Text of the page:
False choices?

The public perceptions of the environmental benefits of digital alternatives to paper may soon begin to change, however, as some prominent voices are questioning the impacts of cyberspace. In the 1990s, green activists began saying that the internet ‘runs on coal', and now the ‘dirty internet' claim is back. Don Carli has recently highlighted the heavy dependence of digital providers in the USA on energy generated by coal from extremely damaging strip mining and mountain-top removal. ‘In addition to considering the way digital media can create new possibilities for a better world we also need to consider the less obvious impacts of the purchased energy, embodied energy, dark content and e-waste associated with the growing use of digital media,' he says. In addition, mobile phone and chip technology use rare minerals, the trade in which can be insidious.

A recent Greenpeace report has uncovered the huge energy footprint of the ‘cloud computing' data centres of social networking sites like Facebook, predicting that by 2020 the digital sector will produce 1034 million tonnes of CO2 emissions. The Climate Group and the Global e-Sustainability Initiative predicts carbon emissions from telecommunications providers will double over the next decade as uptake of broadband trebles to 900 million accounts, used by 4 billion personal computers.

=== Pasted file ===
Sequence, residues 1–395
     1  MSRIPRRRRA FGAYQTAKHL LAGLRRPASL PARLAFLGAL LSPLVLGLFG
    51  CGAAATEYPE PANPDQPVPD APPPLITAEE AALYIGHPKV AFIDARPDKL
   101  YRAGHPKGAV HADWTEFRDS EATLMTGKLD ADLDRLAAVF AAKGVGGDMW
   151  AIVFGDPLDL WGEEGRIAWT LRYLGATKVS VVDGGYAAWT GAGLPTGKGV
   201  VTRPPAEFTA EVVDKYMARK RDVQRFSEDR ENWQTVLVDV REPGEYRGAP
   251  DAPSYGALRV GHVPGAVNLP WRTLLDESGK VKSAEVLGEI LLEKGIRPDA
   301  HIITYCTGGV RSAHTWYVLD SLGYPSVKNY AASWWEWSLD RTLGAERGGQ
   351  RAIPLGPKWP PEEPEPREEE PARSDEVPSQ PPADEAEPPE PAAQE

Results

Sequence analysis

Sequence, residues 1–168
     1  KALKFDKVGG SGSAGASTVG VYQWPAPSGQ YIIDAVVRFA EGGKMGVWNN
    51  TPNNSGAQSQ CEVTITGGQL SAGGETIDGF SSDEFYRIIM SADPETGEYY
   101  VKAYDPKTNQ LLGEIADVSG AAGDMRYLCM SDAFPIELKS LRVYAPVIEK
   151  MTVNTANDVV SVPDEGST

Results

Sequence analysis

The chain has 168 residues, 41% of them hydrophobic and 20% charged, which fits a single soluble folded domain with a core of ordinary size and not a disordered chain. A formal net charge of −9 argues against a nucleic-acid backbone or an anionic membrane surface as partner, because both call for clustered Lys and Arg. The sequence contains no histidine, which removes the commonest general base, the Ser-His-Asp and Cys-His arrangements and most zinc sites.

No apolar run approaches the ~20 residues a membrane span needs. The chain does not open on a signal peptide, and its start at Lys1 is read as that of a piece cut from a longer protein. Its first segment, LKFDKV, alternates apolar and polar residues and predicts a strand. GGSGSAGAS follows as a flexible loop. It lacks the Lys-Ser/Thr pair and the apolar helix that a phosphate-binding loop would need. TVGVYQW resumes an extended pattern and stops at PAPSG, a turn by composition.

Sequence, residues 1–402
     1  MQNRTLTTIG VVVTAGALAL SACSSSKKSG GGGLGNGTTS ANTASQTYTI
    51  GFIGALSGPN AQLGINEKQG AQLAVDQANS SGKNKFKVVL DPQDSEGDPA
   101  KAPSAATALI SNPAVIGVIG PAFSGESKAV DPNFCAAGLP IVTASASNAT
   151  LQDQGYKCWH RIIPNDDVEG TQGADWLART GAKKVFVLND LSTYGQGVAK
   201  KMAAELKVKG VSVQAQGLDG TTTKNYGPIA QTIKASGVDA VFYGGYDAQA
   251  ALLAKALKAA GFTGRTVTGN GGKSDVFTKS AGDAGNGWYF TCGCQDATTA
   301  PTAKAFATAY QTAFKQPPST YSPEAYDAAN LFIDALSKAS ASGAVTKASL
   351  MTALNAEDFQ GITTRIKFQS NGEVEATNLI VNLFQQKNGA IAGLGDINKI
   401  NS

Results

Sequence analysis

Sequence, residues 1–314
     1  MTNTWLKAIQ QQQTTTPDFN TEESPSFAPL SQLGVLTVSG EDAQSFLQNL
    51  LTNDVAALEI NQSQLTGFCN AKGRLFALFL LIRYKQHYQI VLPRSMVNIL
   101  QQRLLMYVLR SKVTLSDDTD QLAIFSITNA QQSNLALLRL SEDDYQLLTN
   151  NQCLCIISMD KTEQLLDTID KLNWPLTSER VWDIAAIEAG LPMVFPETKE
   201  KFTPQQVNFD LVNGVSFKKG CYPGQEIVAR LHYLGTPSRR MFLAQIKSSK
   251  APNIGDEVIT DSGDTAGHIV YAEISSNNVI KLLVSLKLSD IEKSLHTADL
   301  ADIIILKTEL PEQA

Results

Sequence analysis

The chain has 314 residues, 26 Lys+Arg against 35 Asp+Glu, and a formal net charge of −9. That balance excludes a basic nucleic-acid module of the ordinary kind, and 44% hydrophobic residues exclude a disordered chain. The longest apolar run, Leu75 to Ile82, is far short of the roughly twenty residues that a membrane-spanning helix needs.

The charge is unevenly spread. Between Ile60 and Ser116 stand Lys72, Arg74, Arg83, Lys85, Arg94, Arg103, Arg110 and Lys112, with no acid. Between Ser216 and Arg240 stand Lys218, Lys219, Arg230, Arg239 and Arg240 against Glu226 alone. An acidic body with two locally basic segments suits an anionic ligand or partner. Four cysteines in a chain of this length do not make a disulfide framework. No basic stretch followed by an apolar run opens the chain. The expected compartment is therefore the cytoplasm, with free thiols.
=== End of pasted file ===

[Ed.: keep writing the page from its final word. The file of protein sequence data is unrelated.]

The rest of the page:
E-book technologies have caused a recent flurry of ‘paper v digital' debates. When my book ‘Paper Trails: From Trees to Trash, the True Cost of Paper' was published in 2008 by Virgin Books, I was asked by the publisher's owner, Random House, to take part in a promotion of the e-book, published alongside the conventional book. I did so, on the proviso that I could ask questions, including ‘If an e-book reader breaks down, can it be recycled?' and more generally, ‘what are the lifecycle impacts of an e-book and its reader?' The answers to these questions are still completely unclear.

Even limiting the questions to the carbon footprint of e-book readers versus their conventional alternatives is complex, says Joshua Martin. ‘There have been a lot of different studies, but I haven't felt anything like a consensus. It is hard to find apples-to-apples comparison. What's certain is we need to be advancing sustainability simultaneously throughout both the digital and paper supply chain as rapidly as we can because neither is going away.' He agrees with most people in the paper industry that a simple ‘digital vs paper' alternative is a ‘false choice'.